Berkeley Island County Park
Berkeley Township, N.J.
Owner: Ocean County Parks & Recreation
Lead Design Firm and Structural and Civil Engineer: T&M Associates
General Contractor: Eagle Construction Services
Construction Manager: Louis Berger
Architect: Barlo Governale & Associates LLC
Subconsultants: Albert Marine Construction; Stevens Institute of Technology
The scars from 2012’s Superstorm Sandy were still fresh when work began in 2016 to rehabilitate Berkeley Island County Park in Berkeley Township, N.J. When it finally opened, residents discovered that the park had undergone a complete rejuvenation.
Sitting on a 25-acre peninsula in Barnegat Bay, the park lost extensive shoreline and large portions of its parking lot and entrance road to severe erosion. The $7-million project aimed to not only restore damaged areas but also protect against future storms.
A key strategy was to raise the park’s elevation, with most infrastructure now above base flood levels, while the team also installed “living shoreline” elements such as marshes and shoals, stone revetments, offshore stone breakwaters, and a new timber bulkhead to recreate the original shore as well as add natural stabilization and defenses from future storms.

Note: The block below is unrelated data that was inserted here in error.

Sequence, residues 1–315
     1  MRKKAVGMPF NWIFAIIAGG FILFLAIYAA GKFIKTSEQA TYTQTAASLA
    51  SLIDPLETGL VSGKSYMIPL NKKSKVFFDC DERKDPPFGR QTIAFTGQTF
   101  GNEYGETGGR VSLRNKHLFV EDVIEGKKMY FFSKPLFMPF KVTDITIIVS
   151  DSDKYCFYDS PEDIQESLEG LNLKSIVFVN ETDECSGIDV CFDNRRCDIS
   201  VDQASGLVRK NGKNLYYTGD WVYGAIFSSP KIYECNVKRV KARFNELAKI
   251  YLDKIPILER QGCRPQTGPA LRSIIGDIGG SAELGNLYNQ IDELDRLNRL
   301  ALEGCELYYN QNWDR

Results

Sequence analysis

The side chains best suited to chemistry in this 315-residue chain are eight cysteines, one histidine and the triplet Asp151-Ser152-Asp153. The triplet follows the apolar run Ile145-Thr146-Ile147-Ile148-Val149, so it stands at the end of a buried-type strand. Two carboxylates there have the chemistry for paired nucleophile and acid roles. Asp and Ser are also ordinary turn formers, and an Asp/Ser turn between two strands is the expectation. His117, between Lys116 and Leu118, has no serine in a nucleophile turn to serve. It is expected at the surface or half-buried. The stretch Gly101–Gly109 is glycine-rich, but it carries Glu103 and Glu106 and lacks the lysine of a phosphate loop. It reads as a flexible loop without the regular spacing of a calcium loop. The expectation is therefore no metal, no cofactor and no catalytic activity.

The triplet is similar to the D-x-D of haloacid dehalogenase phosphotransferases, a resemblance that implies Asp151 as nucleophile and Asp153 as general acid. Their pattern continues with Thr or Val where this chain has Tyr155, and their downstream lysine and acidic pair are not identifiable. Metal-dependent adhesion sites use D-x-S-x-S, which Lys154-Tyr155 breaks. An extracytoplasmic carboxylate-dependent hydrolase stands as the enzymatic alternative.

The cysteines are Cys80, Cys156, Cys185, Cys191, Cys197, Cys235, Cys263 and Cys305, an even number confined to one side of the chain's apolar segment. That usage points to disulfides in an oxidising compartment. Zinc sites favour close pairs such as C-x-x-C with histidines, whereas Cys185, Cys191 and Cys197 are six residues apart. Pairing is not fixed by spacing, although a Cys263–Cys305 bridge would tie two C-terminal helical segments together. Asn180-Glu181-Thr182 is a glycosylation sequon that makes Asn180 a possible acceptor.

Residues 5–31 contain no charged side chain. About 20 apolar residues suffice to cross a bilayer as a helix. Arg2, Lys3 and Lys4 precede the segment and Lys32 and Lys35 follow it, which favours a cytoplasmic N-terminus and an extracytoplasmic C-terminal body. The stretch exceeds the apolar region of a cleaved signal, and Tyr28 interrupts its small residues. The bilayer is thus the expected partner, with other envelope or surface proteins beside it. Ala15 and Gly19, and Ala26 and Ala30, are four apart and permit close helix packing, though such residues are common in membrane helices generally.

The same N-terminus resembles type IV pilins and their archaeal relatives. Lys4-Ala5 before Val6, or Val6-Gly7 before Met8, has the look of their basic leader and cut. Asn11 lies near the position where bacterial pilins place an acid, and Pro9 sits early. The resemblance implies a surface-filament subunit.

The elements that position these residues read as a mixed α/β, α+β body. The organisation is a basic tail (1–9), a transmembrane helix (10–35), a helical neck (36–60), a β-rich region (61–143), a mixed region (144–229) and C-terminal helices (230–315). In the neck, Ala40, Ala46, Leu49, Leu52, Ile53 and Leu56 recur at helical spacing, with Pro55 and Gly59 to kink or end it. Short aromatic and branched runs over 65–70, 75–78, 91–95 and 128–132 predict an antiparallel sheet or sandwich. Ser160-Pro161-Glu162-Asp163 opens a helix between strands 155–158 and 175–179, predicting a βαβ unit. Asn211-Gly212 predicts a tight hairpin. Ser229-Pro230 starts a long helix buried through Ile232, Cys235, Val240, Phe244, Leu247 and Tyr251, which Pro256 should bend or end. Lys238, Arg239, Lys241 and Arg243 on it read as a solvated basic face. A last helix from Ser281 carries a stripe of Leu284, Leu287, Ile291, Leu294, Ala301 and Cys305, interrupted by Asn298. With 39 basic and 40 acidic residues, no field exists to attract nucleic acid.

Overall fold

The design used breakwater gaps to regulate high tide entry as well as buoys to protect the shoreline from jet skis and boats.
Even during construction, a nor’easter—one of four in a row—damaged the living shoreline and led to adjustments to shrink some of the breakwater’s openings. The project also required considerable permitting, including to acquire eroded land from the state.
The team added numerous features such as the county’s first spray park, gazebos, a playground and bocce court, a pavilion with brick charcoal grill, storage, restrooms, a refurbished 100-ft-long fishing pier, bait stations with water service, bike racks, various swimming amenities, outdoor showers, an at-grade boardwalk, and a public beach. The project also added all new water, electrical, data, fire hydrant, drainage and lighting systems.
The fully ADA-compliant park also offers revived habitats for shellfish, birds, small animals and fish. Local Boy Scouts were enlisted to add fencing to protect new plantings from the local wildlife.